Emerging-market stocks posted a second weekly loss on concern the worsening crisis in Iraq will thwart the global recovery. The Ibovespa fell as a poll showed Brazilian President Dilma Rousseff winning in a possible election runoff.
Samsung Electronics Co. declined to a four-month low in Seoul, while equity gauges in Poland and India decreased at least 0.7 percent. Russian equities rebounded and the ruble pared losses after state news wire RIA Novosti reported that the country is ready to mediate between Ukraine and rebels, citing Security Council head Nikolai Patrushev.
The MSCI Emerging Markets Index lost 0.4 percent to 1,046.55, taking the retreat this week to 1.3 percent. U.S. military aircraft conducted an airstrike on militant artillery in Iraq, Pentagon spokesman Admiral John Kirby said on Twitter.
“Geopolitics is weighing on the market, making investors more cautious,” Neil Shearing, the chief emerging-markets economist at Capital Economics, said by phone from London.
The index of developing stocks has advanced 4.4 percent this year and trades at 10.9 times 12-month projected earnings, data compiled by Bloomberg show. The MSCI World Index has gained 1.7 percent in the period and is valued at a multiple of 14.6.
Obama said yesterday he authorized the airstrikes as he dispatched planes to drop food and water for trapped civilians. The yield on Iraqi debt maturing in January 2028 climbed seven basis points to 7.48 percent, the highest since March.
The Ibovespa fell 1.1 percent. Oil producer Petroleo Brasileiro SA declined 4.2 percent, leading a drop in Brazilian state-controlled companies as an Ibope poll showed that voter support for Rousseff held at 38 percent from last month.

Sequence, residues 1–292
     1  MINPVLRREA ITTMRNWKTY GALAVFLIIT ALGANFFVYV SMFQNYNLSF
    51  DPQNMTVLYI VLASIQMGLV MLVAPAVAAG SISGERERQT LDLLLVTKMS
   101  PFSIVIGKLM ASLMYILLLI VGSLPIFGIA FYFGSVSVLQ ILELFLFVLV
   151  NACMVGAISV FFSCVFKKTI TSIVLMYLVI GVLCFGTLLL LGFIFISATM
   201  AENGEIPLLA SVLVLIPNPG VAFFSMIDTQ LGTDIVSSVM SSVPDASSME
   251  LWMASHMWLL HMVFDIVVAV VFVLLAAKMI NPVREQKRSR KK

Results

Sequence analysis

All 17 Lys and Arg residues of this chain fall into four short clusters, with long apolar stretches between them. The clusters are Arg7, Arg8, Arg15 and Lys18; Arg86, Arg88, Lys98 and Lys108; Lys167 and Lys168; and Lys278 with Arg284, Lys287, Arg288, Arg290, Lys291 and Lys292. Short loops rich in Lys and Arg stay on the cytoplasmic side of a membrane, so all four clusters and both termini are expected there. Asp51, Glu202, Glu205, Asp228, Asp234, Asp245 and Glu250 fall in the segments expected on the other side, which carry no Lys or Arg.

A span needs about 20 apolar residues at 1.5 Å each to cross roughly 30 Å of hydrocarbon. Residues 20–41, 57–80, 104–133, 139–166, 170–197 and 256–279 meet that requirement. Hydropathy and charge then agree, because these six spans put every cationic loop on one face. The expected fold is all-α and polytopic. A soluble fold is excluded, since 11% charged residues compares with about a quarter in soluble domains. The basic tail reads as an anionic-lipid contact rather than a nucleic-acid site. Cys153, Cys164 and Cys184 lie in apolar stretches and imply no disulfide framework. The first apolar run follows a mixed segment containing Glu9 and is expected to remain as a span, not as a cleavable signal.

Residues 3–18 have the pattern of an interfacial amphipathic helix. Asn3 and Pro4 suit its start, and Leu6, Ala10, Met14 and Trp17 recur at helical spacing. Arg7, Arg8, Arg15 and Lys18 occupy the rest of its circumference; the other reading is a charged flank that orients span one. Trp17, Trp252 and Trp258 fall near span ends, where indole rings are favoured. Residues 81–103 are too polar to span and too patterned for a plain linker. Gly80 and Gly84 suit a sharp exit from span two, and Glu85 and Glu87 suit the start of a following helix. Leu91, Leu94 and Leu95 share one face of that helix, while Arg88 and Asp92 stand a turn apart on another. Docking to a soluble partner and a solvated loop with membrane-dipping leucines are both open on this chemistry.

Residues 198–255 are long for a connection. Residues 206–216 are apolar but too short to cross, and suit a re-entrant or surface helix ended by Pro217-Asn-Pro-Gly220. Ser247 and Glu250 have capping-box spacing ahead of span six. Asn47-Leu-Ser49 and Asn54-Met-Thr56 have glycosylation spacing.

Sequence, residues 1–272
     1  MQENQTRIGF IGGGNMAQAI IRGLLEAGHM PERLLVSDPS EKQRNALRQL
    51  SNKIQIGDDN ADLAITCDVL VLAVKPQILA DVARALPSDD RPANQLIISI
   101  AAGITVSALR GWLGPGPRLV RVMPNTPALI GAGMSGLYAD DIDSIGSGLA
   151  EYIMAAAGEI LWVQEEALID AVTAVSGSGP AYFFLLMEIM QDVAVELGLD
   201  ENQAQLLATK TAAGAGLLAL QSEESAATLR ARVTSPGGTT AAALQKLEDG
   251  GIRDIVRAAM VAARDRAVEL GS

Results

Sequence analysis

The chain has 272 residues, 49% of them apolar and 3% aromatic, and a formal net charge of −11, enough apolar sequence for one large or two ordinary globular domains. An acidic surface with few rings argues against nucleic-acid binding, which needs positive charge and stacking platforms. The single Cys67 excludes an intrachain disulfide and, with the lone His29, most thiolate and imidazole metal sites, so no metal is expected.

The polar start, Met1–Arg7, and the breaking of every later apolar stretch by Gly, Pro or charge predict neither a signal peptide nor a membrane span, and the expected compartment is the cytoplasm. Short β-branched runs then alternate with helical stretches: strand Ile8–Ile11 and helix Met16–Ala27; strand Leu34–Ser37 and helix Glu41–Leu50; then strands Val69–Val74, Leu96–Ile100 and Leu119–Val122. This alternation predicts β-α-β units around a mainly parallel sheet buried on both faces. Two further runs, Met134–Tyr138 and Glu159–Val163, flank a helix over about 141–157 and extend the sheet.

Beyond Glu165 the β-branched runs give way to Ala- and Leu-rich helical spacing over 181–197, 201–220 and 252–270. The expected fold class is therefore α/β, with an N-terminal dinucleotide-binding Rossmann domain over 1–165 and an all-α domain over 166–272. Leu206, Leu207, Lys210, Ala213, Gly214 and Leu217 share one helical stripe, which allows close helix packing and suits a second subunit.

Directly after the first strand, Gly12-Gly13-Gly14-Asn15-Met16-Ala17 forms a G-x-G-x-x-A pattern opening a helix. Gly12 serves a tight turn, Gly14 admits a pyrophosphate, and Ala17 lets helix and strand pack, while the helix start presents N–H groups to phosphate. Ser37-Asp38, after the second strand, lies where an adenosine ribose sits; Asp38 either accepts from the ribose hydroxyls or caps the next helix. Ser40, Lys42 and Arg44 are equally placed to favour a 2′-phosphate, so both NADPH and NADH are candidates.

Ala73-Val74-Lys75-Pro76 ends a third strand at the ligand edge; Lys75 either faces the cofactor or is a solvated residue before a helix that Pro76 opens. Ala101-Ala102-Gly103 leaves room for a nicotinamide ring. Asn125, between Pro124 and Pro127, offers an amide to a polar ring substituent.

The Micex Index jumped 1.1 percent, halting a three-day drop. The benchmark gauge has fallen 2.3 percent this month, pushing valuations to a three-month low, as Russia retaliated against U.S and European sanctions by banning some food imports.
Ukraine’s UX Index added 0.1 percent, trimming this week’s losses to 3.9 percent.
“The market is really tired of receiving one negative news item after another, and so is on the lookout for something positive,” Ivan Tchakarov, an economist at Citigroup Inc. in Moscow, said by e-mail.
Poland’s benchmark WIG30 Index fell 0.7 percent. Shares in the Czech Republic slipped 0.1 percent, paring a 1.3 percent decrease. Turkey’s main equity index added 0.5 percent.
Eight of 10 industry groups in the developing-nation gauge fell, led by technology and industrial companies. Samsung, the world’s largest smartphone maker, slumped 3.1 percent in Seoul.
The premium investors demand to own emerging-market debt over U.S. Treasuries fell one basis point to 295, JPMorgan Chase & Co. indexes show.
The Shanghai Composite Index added 0.3 percent, reversing earlier declines, while a gauge of mainland-traded shares in Hong Kong pared losses after China posted a record trade surplus in July as export growth unexpectedly accelerated.